“It seems another woman in your life has recently yanked your ejection handle. While you’re at the age where wounds like these take a long time to heal, and heal badly, I suspect you will land on your feet. If not, I’m confident you’ll find a way to the nearest paved road, and the shortest distance to a sympathetic barmaid. (Only this time, the barmaid will be 52 and not 27.)
“I have been reading a lot of nonsense on your blog about this “battered baby seal look.” I remember that look before it had a name. I even found a number of pictures of you, in old scrapbooks, where you are sporting that look as “casual wear.” Either that, or you were just firing into the crowd. It is hard to think of you as an adult, in your 50’s, shamelessly striking killer facial poses, alleged to give you power over women. When I first read of the ‘battered baby seal look,’ I busted out laughing, as the only image in my mind was the totally malicious expression on the face of Malcolm McDowell in ‘A Clockwork Orange.’ I have no difficulty imagining you tossing that look around.
Above) This is how "Maizy" envisions my "battered baby seal look," as demonstrated by Malcolm
McDowell, in the movie classic, "A Clockwork Orange." Photo from the internet.
“I remember riding on the back of your Kawasaki in 1975.
“We started out on a summer night, just outside of Journal Square. You were leaning against the bike, with long hair not quite to your shoulders. There was no ‘battered baby seal look’ that night. You had an easy smile and looked like you were kicking life.
“I had never been on a bike before. You told me I could lean against the seat rest, but that I should hang onto you if you tapped my leg. We hadn’t gone 30 feet when you tapped it and started slicing through traffic. You took us to China Town, in Manhattan, where I taught you how to use chopsticks. Art Garfunkel, of Simon and Garfunkel was sitting at the next table. I told you not to stare at him. So you stared at me instead.
“Then you wrapped your napkin around your fist, and stuck both chopstricks behind your thumb, adding legs to what was in effect a talking hand puppet. You told me this was Kabuki’s finest hour, and that your hand was about to sing ‘The Sounds Of Silence,’ but with muddled “r’s” to suit the location.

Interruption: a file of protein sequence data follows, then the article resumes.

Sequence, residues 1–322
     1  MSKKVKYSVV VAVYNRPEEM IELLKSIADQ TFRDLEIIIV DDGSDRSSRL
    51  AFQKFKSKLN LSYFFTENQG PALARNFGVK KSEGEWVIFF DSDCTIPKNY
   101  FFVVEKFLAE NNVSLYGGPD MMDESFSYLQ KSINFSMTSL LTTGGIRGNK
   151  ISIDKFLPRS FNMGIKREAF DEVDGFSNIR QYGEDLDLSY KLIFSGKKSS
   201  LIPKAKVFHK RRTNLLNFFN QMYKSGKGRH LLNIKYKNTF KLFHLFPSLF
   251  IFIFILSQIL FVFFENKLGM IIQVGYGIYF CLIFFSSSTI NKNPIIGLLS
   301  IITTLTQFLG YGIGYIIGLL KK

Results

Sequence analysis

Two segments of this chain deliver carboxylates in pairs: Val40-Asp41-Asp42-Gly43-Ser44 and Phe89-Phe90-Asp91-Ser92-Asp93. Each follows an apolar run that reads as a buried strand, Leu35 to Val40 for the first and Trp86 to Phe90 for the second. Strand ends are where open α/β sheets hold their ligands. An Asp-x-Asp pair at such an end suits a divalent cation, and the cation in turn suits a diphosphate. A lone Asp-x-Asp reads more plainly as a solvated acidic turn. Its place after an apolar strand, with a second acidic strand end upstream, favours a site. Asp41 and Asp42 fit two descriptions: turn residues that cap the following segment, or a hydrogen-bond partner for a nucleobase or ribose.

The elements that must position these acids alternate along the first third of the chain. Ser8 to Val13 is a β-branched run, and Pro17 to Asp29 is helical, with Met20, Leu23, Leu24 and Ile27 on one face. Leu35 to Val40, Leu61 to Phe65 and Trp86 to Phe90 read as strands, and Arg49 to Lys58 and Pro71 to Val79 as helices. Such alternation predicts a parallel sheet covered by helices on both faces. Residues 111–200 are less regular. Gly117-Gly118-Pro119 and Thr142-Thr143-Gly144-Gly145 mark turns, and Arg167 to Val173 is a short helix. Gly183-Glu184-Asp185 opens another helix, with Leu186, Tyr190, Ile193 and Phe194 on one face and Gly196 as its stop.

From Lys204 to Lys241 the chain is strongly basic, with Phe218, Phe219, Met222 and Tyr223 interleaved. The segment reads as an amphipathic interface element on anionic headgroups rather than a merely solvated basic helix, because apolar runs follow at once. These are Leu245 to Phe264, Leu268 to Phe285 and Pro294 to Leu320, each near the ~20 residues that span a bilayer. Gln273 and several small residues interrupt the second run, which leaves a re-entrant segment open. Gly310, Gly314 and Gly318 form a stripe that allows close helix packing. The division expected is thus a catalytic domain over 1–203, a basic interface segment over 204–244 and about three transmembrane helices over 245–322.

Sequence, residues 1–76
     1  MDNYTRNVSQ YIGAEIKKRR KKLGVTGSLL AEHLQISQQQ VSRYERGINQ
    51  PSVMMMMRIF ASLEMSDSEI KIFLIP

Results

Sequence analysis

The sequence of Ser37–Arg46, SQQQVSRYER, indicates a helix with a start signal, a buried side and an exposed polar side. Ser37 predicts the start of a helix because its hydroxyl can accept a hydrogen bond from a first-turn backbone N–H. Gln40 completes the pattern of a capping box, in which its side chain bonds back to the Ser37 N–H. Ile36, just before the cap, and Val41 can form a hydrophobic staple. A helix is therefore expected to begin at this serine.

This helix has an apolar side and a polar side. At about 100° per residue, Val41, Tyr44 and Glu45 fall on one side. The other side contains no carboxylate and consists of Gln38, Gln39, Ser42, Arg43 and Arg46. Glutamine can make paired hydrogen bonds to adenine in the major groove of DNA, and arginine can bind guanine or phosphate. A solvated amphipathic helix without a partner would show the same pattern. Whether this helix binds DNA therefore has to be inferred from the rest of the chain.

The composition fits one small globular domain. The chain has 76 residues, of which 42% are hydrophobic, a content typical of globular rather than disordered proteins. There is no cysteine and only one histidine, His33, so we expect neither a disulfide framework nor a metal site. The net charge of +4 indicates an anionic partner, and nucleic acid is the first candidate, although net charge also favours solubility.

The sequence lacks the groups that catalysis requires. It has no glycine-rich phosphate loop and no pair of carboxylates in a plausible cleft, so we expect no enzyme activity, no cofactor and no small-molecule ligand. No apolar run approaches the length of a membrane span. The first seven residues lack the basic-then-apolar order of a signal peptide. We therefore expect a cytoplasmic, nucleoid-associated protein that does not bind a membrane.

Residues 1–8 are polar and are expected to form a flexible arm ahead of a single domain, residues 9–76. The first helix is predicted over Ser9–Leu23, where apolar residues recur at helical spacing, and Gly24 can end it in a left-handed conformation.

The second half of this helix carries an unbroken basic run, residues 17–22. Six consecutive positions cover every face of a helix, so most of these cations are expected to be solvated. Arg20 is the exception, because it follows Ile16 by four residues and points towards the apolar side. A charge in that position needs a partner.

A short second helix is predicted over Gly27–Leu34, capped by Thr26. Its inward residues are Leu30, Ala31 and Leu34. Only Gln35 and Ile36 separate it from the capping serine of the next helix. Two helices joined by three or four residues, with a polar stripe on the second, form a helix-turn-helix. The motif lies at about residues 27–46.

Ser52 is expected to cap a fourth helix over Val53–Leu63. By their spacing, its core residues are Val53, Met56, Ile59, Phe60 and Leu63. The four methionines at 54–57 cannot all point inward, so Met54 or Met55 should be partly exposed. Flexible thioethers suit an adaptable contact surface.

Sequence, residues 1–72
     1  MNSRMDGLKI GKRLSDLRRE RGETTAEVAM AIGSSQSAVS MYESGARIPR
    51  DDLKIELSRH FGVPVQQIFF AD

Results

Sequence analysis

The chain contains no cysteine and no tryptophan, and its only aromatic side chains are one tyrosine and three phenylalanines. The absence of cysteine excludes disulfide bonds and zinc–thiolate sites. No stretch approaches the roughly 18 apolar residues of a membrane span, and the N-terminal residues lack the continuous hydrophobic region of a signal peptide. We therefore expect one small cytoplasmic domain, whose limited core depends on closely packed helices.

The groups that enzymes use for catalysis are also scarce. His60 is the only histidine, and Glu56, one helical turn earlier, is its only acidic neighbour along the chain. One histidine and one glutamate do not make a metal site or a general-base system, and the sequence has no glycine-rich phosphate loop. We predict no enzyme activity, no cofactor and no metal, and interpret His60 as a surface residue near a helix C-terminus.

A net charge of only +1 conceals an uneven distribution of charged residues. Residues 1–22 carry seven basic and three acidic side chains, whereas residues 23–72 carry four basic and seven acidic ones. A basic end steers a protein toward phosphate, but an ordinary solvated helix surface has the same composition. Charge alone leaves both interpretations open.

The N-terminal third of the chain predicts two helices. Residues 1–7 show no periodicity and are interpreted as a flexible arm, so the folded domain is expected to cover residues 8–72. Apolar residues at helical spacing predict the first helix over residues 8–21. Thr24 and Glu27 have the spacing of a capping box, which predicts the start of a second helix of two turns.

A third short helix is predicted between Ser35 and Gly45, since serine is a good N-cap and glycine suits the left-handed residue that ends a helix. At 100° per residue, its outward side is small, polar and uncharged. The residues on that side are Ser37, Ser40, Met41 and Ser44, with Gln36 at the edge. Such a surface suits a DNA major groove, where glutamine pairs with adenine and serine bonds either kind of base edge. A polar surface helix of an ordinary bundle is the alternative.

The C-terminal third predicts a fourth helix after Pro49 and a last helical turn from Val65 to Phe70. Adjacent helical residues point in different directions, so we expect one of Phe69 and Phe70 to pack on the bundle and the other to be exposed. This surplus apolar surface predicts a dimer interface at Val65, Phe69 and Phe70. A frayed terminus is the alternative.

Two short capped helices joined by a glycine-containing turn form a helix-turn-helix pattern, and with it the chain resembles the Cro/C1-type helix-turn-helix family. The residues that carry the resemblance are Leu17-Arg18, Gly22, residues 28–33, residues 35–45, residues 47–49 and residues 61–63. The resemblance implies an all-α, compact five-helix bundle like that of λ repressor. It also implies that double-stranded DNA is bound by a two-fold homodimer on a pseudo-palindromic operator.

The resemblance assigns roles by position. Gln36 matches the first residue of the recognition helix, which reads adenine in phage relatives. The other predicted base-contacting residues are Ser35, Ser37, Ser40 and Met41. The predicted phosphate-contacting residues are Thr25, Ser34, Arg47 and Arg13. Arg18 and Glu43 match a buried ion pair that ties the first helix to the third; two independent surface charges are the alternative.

“I was mortified at the time, but the folks in the restaurant seemed to know you well, as you’d given similar performances there before.
“Then you took me up to the George Washington Bridge, cutting through Friday night traffic in Nw York City. It was dark by then, and we left the bike at the beginning of a bridge walkway in Fort Lee. We walked out to the balcony on the New Jersey tower, facing lower Manhattan. The Hudson River was mirror of diamonds, reflecting millions of lights from New York City. The view was absolutely beautiful.
“That’s when you told me about how you’d climbed into the bridgework as a kid, eight years earlier, to write your name on a girder, and that it was still there the last time you checked.
“You sprang onto the balcony’s rail and pulled yourself into the girders, balancing on a thin bar, 50-stories above the Hudson River.
“I found it,” I heard you say. And then you were there a minute or two, adding something to it.
“You climbed back to the balcony, and wiped the dry bridge grime on your jeans.
“What did you write tonight,” I asked, amazed at what had just transpired.
“Your name,” you replied. But I knew there was more to it.
“I felt like I was Becky Thatcher out with Tom Sawyer. But Tom Sawyer got kissed by Becky Thatcher. And I think you would rather have jumped from the bridge than have tried to kiss me just then. And that had incredible appeal too. Playing hard to get never works. Being hard to get works well.